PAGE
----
William Smith on Irving Babbitt Podcast #6

William Smith

William Smith joins the Democracy Paradox to explain the imperialistic tendencies of democracy. His research focuses on early twentieth century scholar Irving Babbitt, author of Leadership and Democracy (1922).


William Smith on Imperialism and Democracy

This episode features William Smith, author of Democracy and Imperialism: Irving Babbitt and Warlike Democracies. Irving Babbitt is an underappreciated political theorist. He wrote the classic Democracy and Leadership in 1924 before the Behavioralist Revolution of the 1950s so his work is often overlooked by contemporary political scientists. Babbitt has an enormous influence on conservative political theory and philosophy. His ideas about democracy, leadership and imperialism are as relevant for discussion today than ever before. His focus on character and virtue in political leaders has never been more salient than it has been during the global pandemic.

The podcast discusses many important theorists of political thought and philosophy including Rousseau, Huntington and Hobbes. We discuss how some of Babbitt’s thought applies to current and historical events. We discuss the Iraq War, Ukraine and touch on Trump’s own style of leadership.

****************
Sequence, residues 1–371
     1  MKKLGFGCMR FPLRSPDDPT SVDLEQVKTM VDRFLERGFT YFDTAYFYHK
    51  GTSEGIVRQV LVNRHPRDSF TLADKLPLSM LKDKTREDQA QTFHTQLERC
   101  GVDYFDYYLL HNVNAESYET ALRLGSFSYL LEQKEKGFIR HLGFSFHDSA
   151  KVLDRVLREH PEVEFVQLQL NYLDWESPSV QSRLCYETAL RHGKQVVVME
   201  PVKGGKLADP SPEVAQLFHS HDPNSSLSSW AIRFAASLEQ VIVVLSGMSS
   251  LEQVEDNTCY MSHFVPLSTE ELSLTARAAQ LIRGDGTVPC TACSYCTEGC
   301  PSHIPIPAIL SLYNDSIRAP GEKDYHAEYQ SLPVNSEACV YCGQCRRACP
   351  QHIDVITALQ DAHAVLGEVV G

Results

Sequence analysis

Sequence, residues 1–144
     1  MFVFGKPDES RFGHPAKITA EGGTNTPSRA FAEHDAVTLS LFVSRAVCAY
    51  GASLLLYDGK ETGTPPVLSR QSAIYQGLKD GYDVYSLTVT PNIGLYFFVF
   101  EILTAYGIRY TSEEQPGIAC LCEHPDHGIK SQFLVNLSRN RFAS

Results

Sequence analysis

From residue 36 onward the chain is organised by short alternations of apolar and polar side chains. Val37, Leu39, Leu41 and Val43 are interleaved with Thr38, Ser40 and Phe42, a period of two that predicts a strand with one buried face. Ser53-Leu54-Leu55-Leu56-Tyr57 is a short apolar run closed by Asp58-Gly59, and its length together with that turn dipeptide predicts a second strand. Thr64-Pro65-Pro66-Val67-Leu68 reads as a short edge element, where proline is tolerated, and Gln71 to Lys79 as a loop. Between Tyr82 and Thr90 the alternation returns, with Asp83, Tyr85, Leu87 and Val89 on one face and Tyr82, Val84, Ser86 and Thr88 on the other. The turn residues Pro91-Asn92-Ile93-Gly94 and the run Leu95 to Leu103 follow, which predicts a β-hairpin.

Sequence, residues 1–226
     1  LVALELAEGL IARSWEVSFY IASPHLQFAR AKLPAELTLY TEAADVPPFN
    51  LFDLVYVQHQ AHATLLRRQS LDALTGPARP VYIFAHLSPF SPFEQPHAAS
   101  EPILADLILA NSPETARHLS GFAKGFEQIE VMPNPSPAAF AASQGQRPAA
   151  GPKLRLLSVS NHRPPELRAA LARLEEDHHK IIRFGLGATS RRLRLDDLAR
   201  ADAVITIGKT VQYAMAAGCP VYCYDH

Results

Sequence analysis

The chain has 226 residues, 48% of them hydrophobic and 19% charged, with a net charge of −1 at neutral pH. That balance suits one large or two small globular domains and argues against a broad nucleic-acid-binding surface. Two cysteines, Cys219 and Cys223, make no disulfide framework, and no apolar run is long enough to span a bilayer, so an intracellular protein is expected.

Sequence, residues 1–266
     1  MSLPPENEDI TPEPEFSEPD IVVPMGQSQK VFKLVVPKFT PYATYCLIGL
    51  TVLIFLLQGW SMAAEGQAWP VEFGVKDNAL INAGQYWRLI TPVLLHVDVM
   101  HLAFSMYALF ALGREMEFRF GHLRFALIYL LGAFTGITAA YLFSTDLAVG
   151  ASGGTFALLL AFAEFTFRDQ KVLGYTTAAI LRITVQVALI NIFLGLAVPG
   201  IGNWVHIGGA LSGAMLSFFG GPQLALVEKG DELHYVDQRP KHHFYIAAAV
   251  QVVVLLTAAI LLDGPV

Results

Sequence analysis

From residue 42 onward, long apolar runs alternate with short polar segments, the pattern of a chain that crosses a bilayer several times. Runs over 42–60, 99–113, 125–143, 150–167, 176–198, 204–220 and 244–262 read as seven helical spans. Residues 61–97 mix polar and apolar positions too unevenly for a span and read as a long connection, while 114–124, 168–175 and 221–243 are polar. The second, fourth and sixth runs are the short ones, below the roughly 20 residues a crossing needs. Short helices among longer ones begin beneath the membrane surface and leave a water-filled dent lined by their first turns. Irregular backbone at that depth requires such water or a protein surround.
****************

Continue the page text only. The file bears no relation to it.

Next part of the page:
This is one of the early episodes of the Democracy Paradox, but it is also one of the most unique. It blurs the line between political theory and international relations. But most important, the scholarship of William Smith relies on the ideas of an earlier scholar. Sometimes, it feels as though he channels the ideas of Irving Babbitt into the present age. Smith goes beyond the most famous work of Babbitt to incorporate less well known works and letters to bring new insights into this forgotten scholar. And more importantly, he draws insights into contemporary political events.

Listen at Apple Podcasts, Spotify, Google Podcasts, Stitcher or wherever you find your podcasts. You can find Democracy and Imperialism: Irving Babbitt and Warlike Democracies at Amazon or your local library.

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